I’m so glad when YA writers & book people speak positively about queer-ness

If you know much about me, you’ll know not only am I a survivor of abuse and used self-harm to cope, but I’m also a lesbian and a feminist–and proud of both. Glad to be who I am–and glad to be speaking out in a world where there can be injustice and homophobia.

Kendra, my main character in Scars, just accepts her being queer as normal–which I intentionally wrote. While I think we’ve needed coming-out books in the past, I think it’s more important now to show lesbians/gays as just part of society. Normalazied. Because we are. We’re your neighbors, your friends, your family.

I’m always happy when another YA writer writes positively about lesbian/gay issues–most especially when I already really love and respect that writer’s work! So I was delighted to read the fabulous Ellen Hopkins’ post on Why I Support “Gay”. Ellen is clearly straight, but she is very aware of issues that affect people, and she shares a bit of personal info in her post as well. Thank you, Ellen, for being one of the strong championing voices out there!

About Cheryl Rainfield

I write the books I needed and couldn't find as a teen. I write teen fiction--paranormal fantasy and gritty realistic fiction. I'm the author of SCARS (WestSide Books, 2010) #1 ALA QuickPicks, and Governor General Literary Award Finalist, HUNTED (WestSide Books, Oct 2011), STAINED (Harcourt, 2013), The Last Dragon (HIP Books, Sept 2009), and Walking Both Sides (HIP Books, 2011). I also enjoy drawing, surfing the web, connecting with people I like, doing crafts, and being with my dog.
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4 Responses to I’m so glad when YA writers & book people speak positively about queer-ness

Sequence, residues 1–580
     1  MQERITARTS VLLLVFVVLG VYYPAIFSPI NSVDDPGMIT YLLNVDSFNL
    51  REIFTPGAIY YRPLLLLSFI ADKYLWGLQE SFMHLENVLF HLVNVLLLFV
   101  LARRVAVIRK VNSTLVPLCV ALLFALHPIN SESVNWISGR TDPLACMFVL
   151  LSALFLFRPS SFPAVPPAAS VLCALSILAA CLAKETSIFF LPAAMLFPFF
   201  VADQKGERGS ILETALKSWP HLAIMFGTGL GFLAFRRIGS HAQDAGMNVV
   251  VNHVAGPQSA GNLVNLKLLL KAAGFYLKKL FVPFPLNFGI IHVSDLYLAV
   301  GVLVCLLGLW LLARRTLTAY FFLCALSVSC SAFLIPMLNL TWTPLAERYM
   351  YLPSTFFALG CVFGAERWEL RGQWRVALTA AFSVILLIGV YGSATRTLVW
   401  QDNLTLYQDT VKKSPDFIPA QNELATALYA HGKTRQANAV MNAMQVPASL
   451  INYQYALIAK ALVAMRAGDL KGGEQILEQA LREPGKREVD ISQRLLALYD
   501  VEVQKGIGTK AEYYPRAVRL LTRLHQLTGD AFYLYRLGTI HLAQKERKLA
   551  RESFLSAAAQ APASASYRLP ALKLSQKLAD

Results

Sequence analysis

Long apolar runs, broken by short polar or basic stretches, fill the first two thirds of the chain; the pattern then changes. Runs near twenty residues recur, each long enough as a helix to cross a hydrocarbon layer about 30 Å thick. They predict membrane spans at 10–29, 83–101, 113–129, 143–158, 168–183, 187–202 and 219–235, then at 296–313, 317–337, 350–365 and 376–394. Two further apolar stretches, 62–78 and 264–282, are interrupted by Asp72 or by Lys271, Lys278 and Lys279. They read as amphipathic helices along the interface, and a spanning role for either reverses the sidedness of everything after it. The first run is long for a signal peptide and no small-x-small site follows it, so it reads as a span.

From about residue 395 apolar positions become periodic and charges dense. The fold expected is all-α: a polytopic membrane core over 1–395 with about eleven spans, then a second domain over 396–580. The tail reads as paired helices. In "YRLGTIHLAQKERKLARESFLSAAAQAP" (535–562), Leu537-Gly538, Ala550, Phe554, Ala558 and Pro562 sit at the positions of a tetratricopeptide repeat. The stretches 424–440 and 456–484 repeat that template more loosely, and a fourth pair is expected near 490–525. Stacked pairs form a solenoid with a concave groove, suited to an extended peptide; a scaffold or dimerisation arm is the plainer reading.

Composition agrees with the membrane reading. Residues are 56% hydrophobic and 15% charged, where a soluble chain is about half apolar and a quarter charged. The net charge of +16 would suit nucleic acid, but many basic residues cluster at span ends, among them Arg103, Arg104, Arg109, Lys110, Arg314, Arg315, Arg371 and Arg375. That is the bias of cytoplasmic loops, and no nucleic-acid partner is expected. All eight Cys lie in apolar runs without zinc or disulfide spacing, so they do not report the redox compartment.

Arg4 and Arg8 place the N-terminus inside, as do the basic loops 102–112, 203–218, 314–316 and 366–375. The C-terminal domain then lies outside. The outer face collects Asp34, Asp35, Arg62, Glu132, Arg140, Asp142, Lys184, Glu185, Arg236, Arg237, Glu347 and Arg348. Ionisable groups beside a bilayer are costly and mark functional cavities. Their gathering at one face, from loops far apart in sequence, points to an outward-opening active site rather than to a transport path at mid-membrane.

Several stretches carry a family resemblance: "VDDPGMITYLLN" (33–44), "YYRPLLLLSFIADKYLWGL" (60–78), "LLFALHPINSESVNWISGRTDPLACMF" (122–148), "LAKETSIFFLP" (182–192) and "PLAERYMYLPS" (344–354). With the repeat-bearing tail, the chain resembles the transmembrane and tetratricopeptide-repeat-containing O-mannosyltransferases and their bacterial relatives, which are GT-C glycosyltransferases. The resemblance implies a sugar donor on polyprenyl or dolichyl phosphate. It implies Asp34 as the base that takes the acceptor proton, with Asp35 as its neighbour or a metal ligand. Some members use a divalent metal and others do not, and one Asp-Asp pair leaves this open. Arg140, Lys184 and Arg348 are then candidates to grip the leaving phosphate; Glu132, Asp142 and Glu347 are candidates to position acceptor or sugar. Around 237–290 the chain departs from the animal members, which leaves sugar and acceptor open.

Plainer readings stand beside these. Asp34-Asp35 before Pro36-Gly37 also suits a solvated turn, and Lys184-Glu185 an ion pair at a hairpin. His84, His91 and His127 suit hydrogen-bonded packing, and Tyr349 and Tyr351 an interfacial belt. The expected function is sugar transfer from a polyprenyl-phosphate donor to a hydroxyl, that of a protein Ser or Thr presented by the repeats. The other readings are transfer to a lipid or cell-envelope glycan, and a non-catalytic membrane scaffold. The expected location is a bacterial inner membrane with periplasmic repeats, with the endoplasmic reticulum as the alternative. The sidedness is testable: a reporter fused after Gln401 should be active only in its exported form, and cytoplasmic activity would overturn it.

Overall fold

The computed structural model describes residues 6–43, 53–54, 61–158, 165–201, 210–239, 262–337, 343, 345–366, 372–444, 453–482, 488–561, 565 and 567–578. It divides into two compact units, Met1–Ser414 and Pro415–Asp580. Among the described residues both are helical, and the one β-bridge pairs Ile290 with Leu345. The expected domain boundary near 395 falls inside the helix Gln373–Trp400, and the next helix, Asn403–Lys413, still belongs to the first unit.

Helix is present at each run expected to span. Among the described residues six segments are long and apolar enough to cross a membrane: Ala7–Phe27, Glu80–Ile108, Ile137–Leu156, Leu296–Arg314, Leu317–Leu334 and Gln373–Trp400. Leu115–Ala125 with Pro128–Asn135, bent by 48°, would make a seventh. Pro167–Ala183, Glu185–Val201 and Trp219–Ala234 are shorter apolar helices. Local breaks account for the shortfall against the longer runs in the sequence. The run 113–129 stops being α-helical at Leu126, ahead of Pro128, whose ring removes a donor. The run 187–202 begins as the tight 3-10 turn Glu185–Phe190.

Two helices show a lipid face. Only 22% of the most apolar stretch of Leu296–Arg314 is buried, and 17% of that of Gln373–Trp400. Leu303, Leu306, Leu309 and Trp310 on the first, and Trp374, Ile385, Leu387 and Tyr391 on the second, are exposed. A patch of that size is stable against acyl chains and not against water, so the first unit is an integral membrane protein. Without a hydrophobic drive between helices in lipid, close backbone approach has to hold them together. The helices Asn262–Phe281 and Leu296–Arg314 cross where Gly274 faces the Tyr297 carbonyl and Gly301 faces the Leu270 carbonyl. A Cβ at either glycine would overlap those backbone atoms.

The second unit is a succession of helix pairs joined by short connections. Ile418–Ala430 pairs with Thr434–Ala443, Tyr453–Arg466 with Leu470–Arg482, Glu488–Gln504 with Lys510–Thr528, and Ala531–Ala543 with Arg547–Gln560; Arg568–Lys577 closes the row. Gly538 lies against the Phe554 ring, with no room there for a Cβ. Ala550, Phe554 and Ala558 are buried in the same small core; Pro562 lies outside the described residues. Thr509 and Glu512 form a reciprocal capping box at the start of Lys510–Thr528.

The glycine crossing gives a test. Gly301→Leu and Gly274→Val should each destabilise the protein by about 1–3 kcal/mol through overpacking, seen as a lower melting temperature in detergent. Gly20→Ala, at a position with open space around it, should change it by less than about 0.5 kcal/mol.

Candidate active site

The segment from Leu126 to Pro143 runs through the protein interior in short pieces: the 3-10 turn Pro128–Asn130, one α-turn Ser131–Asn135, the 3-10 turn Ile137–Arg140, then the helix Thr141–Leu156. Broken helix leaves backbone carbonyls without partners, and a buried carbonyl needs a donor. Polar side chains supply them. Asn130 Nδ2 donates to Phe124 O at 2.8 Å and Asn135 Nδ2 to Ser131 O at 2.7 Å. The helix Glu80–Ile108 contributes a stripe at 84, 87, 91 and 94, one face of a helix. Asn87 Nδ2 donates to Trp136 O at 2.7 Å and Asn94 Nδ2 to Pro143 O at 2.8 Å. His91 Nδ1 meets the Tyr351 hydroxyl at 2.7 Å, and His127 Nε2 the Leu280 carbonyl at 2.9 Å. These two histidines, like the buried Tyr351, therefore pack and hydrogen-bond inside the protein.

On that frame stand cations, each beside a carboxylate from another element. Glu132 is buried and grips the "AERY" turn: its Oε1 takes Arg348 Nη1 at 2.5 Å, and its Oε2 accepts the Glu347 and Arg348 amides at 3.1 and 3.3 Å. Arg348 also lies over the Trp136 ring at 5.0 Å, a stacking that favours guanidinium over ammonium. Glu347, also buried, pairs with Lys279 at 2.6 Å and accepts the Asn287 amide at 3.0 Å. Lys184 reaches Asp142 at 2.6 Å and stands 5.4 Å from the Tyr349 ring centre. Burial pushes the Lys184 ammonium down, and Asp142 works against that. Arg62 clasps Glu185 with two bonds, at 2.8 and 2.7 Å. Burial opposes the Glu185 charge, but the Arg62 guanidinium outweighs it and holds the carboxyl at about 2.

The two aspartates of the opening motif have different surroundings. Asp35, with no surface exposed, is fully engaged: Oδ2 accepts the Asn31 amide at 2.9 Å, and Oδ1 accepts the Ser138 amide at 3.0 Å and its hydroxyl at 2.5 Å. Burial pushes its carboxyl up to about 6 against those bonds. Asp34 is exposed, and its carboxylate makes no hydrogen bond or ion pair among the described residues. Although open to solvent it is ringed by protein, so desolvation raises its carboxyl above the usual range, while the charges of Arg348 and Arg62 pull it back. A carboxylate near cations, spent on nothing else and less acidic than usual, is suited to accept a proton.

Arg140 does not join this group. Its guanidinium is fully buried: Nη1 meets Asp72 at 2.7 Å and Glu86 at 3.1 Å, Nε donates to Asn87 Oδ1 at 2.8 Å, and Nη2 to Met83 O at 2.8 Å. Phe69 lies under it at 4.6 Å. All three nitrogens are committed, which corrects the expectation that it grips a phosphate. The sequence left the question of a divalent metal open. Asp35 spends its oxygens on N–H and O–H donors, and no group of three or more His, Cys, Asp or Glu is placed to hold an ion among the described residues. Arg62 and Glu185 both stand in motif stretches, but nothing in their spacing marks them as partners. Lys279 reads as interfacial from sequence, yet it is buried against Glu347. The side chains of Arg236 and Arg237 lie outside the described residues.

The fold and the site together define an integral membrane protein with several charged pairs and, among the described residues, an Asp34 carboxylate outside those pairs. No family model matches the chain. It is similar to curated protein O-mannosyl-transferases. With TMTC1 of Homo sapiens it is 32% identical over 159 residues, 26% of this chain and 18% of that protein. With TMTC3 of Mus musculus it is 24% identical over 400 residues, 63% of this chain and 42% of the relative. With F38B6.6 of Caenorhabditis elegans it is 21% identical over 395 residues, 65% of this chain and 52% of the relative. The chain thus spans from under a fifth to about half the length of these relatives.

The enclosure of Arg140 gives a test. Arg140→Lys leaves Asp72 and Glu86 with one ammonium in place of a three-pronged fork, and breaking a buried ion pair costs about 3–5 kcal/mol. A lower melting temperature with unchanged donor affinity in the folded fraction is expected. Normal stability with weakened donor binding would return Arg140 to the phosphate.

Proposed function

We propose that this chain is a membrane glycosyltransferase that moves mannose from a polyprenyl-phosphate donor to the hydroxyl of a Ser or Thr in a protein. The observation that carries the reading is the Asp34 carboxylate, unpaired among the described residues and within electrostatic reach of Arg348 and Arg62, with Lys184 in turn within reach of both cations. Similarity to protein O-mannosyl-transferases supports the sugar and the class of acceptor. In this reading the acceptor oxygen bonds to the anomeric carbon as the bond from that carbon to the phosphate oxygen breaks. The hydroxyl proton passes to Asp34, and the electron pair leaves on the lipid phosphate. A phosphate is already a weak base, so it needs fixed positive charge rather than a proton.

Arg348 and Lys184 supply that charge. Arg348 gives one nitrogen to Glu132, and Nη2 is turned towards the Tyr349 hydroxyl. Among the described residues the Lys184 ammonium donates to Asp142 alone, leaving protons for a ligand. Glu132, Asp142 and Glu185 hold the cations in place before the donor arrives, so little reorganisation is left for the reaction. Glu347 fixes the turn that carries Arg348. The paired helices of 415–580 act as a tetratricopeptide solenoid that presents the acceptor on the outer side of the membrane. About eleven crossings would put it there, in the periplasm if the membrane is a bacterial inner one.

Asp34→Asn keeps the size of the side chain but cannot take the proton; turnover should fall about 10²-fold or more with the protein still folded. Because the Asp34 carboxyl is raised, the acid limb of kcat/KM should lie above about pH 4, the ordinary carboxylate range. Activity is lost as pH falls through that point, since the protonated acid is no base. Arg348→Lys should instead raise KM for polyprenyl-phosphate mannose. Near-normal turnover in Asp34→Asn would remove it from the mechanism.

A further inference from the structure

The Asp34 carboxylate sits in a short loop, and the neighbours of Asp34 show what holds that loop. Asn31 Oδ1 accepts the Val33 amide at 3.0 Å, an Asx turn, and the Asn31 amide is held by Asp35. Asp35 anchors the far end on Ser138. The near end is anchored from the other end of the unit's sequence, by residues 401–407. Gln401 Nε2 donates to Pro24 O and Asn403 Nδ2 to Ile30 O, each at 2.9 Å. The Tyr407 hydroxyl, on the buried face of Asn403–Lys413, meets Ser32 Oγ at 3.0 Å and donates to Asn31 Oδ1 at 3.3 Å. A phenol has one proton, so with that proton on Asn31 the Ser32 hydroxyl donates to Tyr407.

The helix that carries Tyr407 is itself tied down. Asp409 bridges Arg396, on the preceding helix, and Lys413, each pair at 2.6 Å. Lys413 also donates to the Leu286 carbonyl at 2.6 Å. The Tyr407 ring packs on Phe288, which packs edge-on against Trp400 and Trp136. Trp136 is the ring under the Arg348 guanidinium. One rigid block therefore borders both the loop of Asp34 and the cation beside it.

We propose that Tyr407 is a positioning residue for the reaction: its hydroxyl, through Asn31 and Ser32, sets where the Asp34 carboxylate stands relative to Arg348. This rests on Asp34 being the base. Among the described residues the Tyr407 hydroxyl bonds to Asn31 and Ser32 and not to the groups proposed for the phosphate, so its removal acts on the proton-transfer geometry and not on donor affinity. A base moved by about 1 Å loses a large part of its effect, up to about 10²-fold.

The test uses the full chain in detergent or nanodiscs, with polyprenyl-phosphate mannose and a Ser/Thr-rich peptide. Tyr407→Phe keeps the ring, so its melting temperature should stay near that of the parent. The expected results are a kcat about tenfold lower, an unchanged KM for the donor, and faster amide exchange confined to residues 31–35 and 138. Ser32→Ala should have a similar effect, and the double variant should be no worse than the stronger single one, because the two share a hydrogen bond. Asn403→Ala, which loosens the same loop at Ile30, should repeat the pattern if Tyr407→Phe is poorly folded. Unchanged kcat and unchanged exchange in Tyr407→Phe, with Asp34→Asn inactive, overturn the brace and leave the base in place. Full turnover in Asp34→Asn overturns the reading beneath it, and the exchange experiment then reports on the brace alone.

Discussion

1. Amy says:

    Thanks for pointing out that post, I’m off to read it now. I love that characters now can just BE gay and that isn’t the whole point of the story. Because being gay / lesbian / bi / whatever is not the only defining thing for a person, it is simply who they are. I can’t wait to read Scars, I had no idea, actually, that Kendra was lesbian 🙂 (And it is normal, so good for her, and good for you!)

  2. I’m glad you’re off to read Ellen Hopkins’ post! I think she’s fantastic, and I love what she said. And yes–I love characters in books that can just be gay, too. And just have it be a good, positive part of the story–but not the only story.

    I’m glad you’ll check out Scars, too! Let me know what you think (if you want to) after you read it.

    take good care,

  3. Jai Farris says:

    I am glad to hear someone stand for “normal” stories. Years ago I wrote a lesbian romance that also included a storyline about an abusive ex girlfriend in the storyline and you would be amazed at how many lesbian publishing houses rejected it as “too violent” and sending the wrong message about lesbians, as though we don’t ahve normal problems like everyone else. It was frustrating at best. It’s nice to see things finally changing. Thanks for living out loud.

  4. Jai–I think it’s SO important that we have books that reflect our lives! I’m sorry a bunch of lesbian publishing houses rejected it as too violent. I wonder–I hope and think–that they’d respond differently now?

    I’m thinking–that years ago, we had hardly any reflections of us in the media, in books and TV and art. So…some people wanted what there was to be all positive. Maybe because we had so little–and because there was SO much homophobia and hatred out there?

    But now, i think we’ve got a lot more reflections of ourselves and visibility (though we still need a lot more–it’s not anything like equal to straight stuff in the media).

    Of course there are abusive lesbian relationships. And that’s important to talk about–even for our own safety. And…it sounds like a neat thing, as a side storyline.

    And thank you for your kind comment. 🙂

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